$ neutron subnet-create --name subnet-B --enable-dhcp=False --gateway <IP2> network-B <network/cidr2>

$ neutron subnet-create --name subnet-C --enable-dhcp=False --gateway <IP3> network-C <network/cidr3>

$ neutron router-create router-ABC

$ neutron router-interface-add router-ABC subnet-A

$ neutron router-interface-add router-ABC subnet-B

$ neutron router-interface-add router-ABC subnet-C

(If you want to specify the router address, create a port with the desired IP and pass port=<port_ID> rather than subnet in the above statements.)

Now you can boot nodes via DHCP by simply booting a node on network A:

$ nova boot --flavor m1.tiny --image fedora --nic net-id=<Foo_UUID>

Or you can boot nodes via static IP by creating a port on subnets B or C where DHCP is disabled and booting with that port:

$ neutron port-create network-B \
  --fixed-ip subnet_id=subnet-B,ip_address=<fixed_IP>

$ nova boot --nic port-id=<UUID_from_port-create> --flavor m1.tiny --image fedora <instance_name>

Of course, in the latter scenario, you will be responsible for setting the IP address on the VM, perhaps by passing a --user-data script to the node as documented here:

https://ask.openstack.org/en/question/30690/add-multiple-specific-ips-to-instance/

Comment 3 bigswitch 2017-02-17 12:54:45 UTC
@Assaf Muller: There's no security concern; at times when L3 networking is provided by third party vendors, there are reasons to prevent segments from talking to each other.  In such cases, the number of policies to enforce that increases.  The policy to restrict DHCP clients to access each other (IPs communicating across the subnets) needs to be implemented on the top of the rack switches.  If we could have a single knob (to restrict DHCP endpoint communication to within its network), and if that rule could be implemented on the controller nodes, it would help in scalability.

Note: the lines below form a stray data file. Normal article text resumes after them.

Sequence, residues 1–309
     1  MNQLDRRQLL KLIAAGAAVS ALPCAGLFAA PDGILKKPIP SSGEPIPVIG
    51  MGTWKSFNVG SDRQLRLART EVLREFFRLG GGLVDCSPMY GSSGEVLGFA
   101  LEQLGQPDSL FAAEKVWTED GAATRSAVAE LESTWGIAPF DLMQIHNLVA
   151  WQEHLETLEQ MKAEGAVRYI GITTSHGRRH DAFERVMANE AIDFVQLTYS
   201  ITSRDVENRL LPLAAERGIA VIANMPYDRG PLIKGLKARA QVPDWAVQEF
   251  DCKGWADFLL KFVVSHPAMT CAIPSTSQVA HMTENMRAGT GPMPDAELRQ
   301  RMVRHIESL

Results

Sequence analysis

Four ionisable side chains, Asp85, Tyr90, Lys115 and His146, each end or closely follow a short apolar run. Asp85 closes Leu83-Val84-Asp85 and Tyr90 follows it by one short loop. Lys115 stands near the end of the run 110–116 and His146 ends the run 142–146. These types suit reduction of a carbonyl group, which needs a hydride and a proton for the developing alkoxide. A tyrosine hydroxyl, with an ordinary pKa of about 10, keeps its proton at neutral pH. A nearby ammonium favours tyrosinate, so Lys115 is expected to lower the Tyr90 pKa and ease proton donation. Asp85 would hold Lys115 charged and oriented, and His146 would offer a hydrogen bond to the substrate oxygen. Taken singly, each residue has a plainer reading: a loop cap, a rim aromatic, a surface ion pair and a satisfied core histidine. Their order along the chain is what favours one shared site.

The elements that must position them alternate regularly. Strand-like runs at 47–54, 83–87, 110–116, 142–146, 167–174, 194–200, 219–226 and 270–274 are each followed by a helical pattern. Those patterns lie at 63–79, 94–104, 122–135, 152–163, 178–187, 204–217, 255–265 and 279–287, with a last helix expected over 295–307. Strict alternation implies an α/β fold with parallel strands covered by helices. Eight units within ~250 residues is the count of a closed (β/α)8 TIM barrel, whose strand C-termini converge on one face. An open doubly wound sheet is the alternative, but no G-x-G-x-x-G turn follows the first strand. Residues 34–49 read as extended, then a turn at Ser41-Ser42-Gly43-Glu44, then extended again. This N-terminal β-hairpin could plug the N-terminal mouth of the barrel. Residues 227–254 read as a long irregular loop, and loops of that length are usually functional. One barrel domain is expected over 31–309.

Comment 4 bigswitch 2017-02-17 12:55:50 UTC
(In reply to Assaf Muller from comment #1)
> Can you please describe the concern? What sort of attacks does the current
> situation open up?

@Assaf Muller: There's no security concern; at times when L3 networking is provided by third party vendors, there are reasons to prevent segments from talking to each other.  In such cases, the number of policies to enforce that increases.  The policy to restrict DHCP clients to access each other (IPs communicating across the subnets) needs to be implemented on the top of the rack switches.  If we could have a single knob (to restrict DHCP endpoint communication to within its network), and if that rule could be implemented on the controller nodes, it would help in scalability.

Comment 5 Assaf Muller 2017-04-28 21:25:28 UTC
Please see comment 2.

Comment 6 Nir Yechiel 2018-03-18 11:36:01 UTC
It seems like there is no consensus about this one, and we have no requests for such a change, other than this one. 

@Big Switch folks, please re-open if you have any new info to share, or if you are willing to participate upstream to better clarify your use cases and propose patches.